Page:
At the end of March, the American Diabetes Association released a report on diabetes’ fiscal impact. Guess what? It’s scarily high.
Diabetes is now the costliest chronic condition in the country. Diagnosed diabetes expenses in the US totalled $327 billion in 2017. The data indicates that one of every four healthcare dollars in spent by someone diagnosed with diabetes. And one of every seven is spent directly treating the condition and its complications.
The Economics of Diabetes in the US in 2017 kicked off the ADA’s annual call to congress event. More than 150 diabetes advocates meet with members of congress and staff, urging them to make diabetes a national priority.
The report showed that the economic costs of diabetes increased 26 percent from 2012 to 2017, thanks to its increased prevalence and the rise in cost per person living with the condition. The costs include $237 billion in direct medical bills and $90 billion in reduced productivity. The largest contributors to the costs of diabetes are higher use of prescribed medications, hospital in-patient services, medications and supplies.
These costs are passed on to all Americans thanks to higher medical costs, higher insurance premiums and taxes, reduced earnings, lost productivity, premature mortality, and intangible costs in the form of reduced quality of life.
ADA’s chief scientific, medical and mission officer, William Cefalu said: “From our new economics report, it is very clear that diabetes bears a significant impact on our nation, both in its toll on the lives of the millions affected by it, and the economic costs for all.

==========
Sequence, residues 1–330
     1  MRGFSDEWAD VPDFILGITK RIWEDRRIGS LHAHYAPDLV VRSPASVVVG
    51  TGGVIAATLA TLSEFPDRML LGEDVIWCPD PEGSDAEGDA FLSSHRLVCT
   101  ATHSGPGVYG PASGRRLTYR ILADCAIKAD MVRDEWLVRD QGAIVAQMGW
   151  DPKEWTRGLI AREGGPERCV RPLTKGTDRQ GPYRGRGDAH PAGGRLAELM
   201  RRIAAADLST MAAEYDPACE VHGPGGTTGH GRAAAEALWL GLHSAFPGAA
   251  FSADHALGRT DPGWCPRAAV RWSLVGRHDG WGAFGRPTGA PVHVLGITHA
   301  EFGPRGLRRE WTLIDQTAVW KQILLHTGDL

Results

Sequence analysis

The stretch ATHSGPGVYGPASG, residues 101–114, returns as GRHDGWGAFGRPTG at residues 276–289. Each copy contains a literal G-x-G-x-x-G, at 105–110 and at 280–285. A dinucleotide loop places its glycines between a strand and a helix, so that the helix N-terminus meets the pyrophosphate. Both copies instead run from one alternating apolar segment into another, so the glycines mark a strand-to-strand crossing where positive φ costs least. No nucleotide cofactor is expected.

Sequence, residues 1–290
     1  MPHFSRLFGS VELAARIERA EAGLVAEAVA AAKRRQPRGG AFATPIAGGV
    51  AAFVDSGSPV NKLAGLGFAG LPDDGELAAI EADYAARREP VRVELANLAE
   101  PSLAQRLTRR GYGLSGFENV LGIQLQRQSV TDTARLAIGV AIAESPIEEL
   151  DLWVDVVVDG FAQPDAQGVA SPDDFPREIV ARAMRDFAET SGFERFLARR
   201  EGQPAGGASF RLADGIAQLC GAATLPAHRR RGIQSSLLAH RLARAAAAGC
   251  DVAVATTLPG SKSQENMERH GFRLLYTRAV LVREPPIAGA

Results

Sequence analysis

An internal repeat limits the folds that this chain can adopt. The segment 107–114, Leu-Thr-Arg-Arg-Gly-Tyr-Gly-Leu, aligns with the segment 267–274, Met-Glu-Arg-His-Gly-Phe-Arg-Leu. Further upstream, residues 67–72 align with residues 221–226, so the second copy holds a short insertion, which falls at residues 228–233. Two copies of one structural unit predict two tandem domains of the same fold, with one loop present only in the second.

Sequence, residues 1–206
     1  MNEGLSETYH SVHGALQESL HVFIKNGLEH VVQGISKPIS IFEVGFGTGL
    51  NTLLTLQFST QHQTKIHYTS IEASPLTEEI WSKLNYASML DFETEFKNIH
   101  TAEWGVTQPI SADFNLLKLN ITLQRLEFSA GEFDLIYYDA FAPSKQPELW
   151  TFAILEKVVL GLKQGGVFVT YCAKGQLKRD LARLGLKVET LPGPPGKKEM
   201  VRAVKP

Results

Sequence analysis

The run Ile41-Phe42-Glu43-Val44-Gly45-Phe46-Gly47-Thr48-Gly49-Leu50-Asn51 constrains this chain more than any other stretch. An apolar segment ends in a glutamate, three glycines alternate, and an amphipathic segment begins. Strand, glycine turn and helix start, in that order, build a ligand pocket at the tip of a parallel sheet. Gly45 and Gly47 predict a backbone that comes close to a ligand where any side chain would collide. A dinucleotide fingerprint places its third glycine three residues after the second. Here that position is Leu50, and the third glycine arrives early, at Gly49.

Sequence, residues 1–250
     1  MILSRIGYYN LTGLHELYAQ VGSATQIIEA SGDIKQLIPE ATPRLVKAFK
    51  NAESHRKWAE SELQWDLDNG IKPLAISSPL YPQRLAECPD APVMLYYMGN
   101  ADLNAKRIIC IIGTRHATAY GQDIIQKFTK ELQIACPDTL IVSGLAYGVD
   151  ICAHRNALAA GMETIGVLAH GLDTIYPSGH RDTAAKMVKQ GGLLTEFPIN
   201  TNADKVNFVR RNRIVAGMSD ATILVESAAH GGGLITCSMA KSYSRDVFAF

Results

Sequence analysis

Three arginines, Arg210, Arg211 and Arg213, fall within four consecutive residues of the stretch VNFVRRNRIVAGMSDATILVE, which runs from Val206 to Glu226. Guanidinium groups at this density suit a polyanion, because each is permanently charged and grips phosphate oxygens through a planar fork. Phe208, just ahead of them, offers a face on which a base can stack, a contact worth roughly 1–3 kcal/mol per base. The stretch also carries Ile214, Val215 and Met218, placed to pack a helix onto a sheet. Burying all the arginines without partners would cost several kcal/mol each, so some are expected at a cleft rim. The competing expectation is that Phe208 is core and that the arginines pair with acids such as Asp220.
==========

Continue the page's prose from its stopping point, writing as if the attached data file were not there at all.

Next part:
“The most important solution we have is continued and increased investment in critical diabetes research, care and prevention to improve diagnosis and treatment, and to help us turn the tide through diabetes prevention. These efforts can help us to improve health outcomes for people with diabetes – and hopefully decrease the cost of diabetes.”
4 thoughts on “ADA Reveals Diabetes Now the Costliest Health Condition”
It is only expensive because I am charging $500.00 to look at my blood sugar log for 2 minutes. Sure seems like that would not it up so much, but really it increases the curve by about 1/1,600 cent per 1,000 people in the US.
Alright maybe it is more than just me?
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Good point. I think I might start charging £500 for folks to look at mine. They’re so fascinating, people will be queueing up to do so. And it could pay for a holiday or two.
The “captive audience” has been subjected to ever increasing cost for years. Now that those of us who do need to have such care are growing are the people who need to do something are looking at it. I said looking not doing. Now we need to get them to actually do something also. My opinion in my blog was to ban lobbyists form congress and go to a universal health care like most of the rest of the world. I know I don’t have all the answers or maybe even any good ones but at least I’m trying here. More than I can say for the people I elected into office to do it. Maybe I should run for office also. No experience but I can be nasty too if that is one of the new necessities.
Costliest = most profitable